The Board's evaluation of the union's contacts with Local 44 seems sound. The issue is not whether the union is an offshoot of Local 44 personnel and goals, but whether the union, taking into account that it is still in its formative stages, independently formulates and carries out its policies. See Wells Fargo Guard Services Division of Baker Protective Services, Inc., 236 N.L.R.B. 1196 (1978). The record supports the Board's resolution of this issue.


Finally, the Board's decision that the lieutenants are supervisors but the sergeants and corporals are not is also supported by substantial evidence. The tasks the company points to as supervisory actually require little exercise of independent judgment. The sergeants collect information so that others can make decisions, and routinely direct nontitled guards to do the jobs others have assigned them. Their work falls outside section 2(11)'s definition of "supervisors." See, e.g., NLRB v. Security Guard Service, Inc., 384 F.2d 143, 148 (5th Cir. 1967) ("the sergeant's basic work was identical to the work of the guard"; he was merely "advising and awaiting decision from others"). Given the Board's wide discretion in determining who falls within the statutory definition, see Marine Engineers Beneficial Association v. Interlake Steamship Co., 370 U.S. 173, 179 n.6, 82 S.Ct. 1237, 1240 n.6, 8 L.Ed.2d 418 (1962), the Board's decision should not be disturbed.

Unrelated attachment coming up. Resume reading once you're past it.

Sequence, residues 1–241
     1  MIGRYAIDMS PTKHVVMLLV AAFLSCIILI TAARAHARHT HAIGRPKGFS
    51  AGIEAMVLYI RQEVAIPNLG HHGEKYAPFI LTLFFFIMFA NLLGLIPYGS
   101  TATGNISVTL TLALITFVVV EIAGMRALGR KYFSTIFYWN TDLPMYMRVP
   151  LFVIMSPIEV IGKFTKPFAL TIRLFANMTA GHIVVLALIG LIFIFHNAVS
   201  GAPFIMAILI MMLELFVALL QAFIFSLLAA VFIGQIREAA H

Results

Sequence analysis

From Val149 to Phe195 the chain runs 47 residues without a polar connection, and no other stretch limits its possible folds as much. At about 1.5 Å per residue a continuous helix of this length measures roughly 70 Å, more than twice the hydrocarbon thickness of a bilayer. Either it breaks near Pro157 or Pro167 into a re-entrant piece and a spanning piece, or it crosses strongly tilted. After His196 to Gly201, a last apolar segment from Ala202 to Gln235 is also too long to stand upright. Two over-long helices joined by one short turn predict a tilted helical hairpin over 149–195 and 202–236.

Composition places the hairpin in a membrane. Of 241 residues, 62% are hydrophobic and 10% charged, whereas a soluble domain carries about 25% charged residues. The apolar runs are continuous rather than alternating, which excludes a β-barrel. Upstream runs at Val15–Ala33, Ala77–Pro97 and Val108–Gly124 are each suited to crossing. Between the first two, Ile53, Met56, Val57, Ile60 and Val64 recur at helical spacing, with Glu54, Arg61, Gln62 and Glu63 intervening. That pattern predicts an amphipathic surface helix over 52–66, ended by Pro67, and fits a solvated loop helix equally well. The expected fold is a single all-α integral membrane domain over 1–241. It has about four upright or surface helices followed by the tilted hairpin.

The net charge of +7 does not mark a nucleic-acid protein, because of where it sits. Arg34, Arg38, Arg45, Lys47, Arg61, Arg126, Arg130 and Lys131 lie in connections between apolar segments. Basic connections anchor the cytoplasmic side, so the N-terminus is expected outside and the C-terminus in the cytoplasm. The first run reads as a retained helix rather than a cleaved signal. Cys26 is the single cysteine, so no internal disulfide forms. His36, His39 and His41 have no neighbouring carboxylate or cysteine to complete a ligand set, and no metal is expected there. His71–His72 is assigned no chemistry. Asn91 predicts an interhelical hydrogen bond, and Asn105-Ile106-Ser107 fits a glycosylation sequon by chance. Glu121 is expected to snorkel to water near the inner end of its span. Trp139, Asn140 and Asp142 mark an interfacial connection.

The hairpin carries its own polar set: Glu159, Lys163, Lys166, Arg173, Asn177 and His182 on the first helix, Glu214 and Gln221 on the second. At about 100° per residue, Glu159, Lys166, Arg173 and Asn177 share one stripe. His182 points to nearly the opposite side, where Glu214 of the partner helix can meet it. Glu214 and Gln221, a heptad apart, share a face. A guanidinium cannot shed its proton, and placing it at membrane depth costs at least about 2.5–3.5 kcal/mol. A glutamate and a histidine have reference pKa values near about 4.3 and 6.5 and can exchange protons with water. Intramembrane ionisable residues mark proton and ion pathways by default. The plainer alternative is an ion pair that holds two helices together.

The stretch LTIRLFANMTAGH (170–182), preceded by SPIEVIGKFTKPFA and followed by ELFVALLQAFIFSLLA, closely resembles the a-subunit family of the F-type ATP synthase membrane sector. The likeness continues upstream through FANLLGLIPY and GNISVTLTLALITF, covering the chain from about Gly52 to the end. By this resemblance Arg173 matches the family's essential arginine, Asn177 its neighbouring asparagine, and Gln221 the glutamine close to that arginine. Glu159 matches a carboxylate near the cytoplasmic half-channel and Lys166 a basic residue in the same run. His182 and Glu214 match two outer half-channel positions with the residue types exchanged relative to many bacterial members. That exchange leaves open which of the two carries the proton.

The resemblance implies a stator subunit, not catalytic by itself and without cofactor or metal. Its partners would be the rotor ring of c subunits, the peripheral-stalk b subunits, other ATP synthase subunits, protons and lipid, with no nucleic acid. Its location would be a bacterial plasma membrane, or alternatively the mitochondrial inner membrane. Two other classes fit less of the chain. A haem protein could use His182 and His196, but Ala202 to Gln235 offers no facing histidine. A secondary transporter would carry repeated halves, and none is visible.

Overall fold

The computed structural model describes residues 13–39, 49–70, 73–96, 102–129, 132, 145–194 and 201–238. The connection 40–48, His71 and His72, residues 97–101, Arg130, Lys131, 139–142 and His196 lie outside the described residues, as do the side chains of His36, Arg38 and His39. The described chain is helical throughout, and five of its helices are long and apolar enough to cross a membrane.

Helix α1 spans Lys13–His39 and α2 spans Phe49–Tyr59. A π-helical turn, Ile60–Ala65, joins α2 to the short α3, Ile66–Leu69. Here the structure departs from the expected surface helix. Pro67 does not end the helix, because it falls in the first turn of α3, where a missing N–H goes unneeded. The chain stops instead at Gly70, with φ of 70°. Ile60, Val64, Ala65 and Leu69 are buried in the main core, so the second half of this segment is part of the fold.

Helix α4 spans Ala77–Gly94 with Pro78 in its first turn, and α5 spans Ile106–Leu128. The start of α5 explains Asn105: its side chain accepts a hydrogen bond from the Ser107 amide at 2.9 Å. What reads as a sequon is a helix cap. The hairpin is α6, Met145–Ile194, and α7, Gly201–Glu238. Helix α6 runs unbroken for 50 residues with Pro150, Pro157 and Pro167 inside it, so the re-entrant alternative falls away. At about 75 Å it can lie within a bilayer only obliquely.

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Accordingly, the Board's order is hereby enforced in its entirety.


This opinion was originally handed down as a summary order granting enforcement, but upon request of the Board is herewith republished as a per curiam opinion


Of the Southern District of New York, sitting by designation


We take note of but attach no significance to the Company's assertion in its petition for rehearing that, just after the Board's Order in this case, another union representing the non-guard employees negotiated a company-wide agreement with the Company. The Company makes no claim that this union did not place itself in a position to negotiate an agreement applicable to all stores by winning a majority at individual stores, which the Board treated as separate units. See, e.g., J. W. Mays, Inc., No. 2-RC-18522 (Region 2, Nov. 19, 1979)